"This story begins with the first myths of the world, “when the earth was young and the gods walked among men.” It is the story of Inanna, the most ancient of all goddesses, and of the pantheon of the gods worshiped by peoples whose traces are lost in the mists of time: Mesopotamia, the Sumerians, the first people at the threshold of civilisation, and their gods, Enki, Enlil, Utu and indeed, Inanna, the star Venus.
A journey that begins with the creation of Man and follows the vicissitudes of the Gods, whose characters are often so similar to those of men they could be mistaken for them. An era in which vicissitudes of mankind are almost always due to the will and whims of their Creators. Yet the opposite is also true: how could there be a god if there were no one to worship him?
The myths, the legends come to life, and serve to explain events beyond the reach of intellect, to give a valid and unassailable justification of disasters and misfortunes.
These are the ancient stories of the world, like that of Sargon found in a basket in the waters who goes on to become King. Stories that the Hebrews heard over the years while held captive in Babylon and made their own, in the Bible.
The novel unfolds on two temporal planes: on the one hand the evolution of the ancient world, with Inanna as the central figure, and on the other, the discoveries of the sites in Mesopotamia from the nineteenth century up to the present day Italian expedition to Ebla, organised by La Sapienza University of Rome.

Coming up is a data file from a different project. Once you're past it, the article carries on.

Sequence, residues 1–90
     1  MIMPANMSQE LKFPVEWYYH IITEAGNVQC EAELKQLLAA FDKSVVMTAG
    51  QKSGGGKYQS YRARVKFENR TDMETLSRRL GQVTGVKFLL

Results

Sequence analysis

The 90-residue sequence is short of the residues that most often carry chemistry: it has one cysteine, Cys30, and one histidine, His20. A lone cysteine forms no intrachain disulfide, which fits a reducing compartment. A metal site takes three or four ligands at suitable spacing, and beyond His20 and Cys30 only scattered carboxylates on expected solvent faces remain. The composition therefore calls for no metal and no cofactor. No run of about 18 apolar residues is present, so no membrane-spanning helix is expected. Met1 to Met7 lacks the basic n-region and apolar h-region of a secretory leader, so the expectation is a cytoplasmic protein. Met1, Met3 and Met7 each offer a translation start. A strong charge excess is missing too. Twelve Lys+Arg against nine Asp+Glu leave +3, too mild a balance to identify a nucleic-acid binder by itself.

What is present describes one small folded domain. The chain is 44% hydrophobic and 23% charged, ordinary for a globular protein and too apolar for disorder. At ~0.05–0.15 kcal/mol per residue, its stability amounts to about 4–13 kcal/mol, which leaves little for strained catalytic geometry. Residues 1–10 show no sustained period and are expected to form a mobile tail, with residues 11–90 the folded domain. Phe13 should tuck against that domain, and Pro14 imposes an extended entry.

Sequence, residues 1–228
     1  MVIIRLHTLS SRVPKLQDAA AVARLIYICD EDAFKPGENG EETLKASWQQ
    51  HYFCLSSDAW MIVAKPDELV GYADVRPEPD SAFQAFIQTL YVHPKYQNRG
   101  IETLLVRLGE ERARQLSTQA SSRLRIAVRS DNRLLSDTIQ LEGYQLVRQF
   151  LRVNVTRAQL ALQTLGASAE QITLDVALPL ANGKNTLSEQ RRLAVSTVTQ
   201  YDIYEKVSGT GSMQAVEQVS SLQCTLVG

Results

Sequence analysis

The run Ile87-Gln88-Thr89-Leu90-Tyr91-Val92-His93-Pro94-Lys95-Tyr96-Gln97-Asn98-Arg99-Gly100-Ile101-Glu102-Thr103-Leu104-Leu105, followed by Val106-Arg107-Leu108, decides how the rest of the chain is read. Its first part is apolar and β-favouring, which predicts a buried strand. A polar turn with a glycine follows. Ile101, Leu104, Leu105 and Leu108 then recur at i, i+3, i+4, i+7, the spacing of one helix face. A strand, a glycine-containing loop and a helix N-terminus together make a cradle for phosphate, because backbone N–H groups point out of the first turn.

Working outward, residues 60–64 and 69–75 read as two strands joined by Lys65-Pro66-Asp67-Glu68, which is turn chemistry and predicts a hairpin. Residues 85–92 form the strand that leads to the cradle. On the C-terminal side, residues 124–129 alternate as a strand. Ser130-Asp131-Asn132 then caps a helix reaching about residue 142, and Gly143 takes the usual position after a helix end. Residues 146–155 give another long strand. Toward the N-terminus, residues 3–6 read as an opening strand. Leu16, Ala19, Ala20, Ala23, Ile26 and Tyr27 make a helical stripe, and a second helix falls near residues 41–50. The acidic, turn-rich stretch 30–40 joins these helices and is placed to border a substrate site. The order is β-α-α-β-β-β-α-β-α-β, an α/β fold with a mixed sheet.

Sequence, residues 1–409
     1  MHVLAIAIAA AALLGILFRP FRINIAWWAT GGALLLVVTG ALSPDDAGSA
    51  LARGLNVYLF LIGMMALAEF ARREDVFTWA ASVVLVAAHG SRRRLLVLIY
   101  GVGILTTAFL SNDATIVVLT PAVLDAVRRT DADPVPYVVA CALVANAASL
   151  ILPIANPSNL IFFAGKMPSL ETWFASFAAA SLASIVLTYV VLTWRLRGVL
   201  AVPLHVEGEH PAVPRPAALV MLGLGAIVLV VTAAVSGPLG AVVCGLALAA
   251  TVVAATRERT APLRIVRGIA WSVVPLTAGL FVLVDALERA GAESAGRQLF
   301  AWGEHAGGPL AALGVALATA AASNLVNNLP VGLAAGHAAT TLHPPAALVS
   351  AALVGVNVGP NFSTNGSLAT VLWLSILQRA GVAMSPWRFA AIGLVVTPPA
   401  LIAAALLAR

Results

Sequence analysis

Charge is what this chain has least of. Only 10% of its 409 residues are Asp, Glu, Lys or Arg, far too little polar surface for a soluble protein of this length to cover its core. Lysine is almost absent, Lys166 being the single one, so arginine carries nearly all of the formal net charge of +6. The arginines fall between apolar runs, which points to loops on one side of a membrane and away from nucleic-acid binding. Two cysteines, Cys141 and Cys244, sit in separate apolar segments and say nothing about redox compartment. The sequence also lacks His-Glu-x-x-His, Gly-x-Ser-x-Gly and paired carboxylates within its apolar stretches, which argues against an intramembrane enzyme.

Through the archaeologists’ work, the roots of the history of the world come to light; a history that often repeats itself in its many myths. Along with Inanna, who will change people and name, we will discover that struggles for power exist among the Gods as well, and only those who know how to adapt along with the changes of history will survive. Thus the warrior goddess Inanna will become the goddess of love, of birth and of procreation. She will be called Istar, Ishtar, Atargatis and we shall follow her through time and space until she occupies the gate of Babylon and the heart of the new king of the gods, Marduk. Her characteristics will change, and along with representing the planet Venus, she will also be the Moon.
The sequence of events is re-lived, through documents and visions, by Gianna, an epigrapher who takes part in the Italian expedition to Ebla. She becomes the protagonist in the present day, with its uncertainties and turmoil and with some strange coincidences that pertain to her, anamneses of bygone eras that seem to appear at times in her memory, leaving her confused and fascinated at the same time. Gianna’s determination to find out as much as possible about the fate of Inanna/Ishtar leads her to make some risky choices, putting her academic career in jeopardy. The reason for such tenacity can be found in the name: Gianna is the oldest name that exists and derives from Inanna."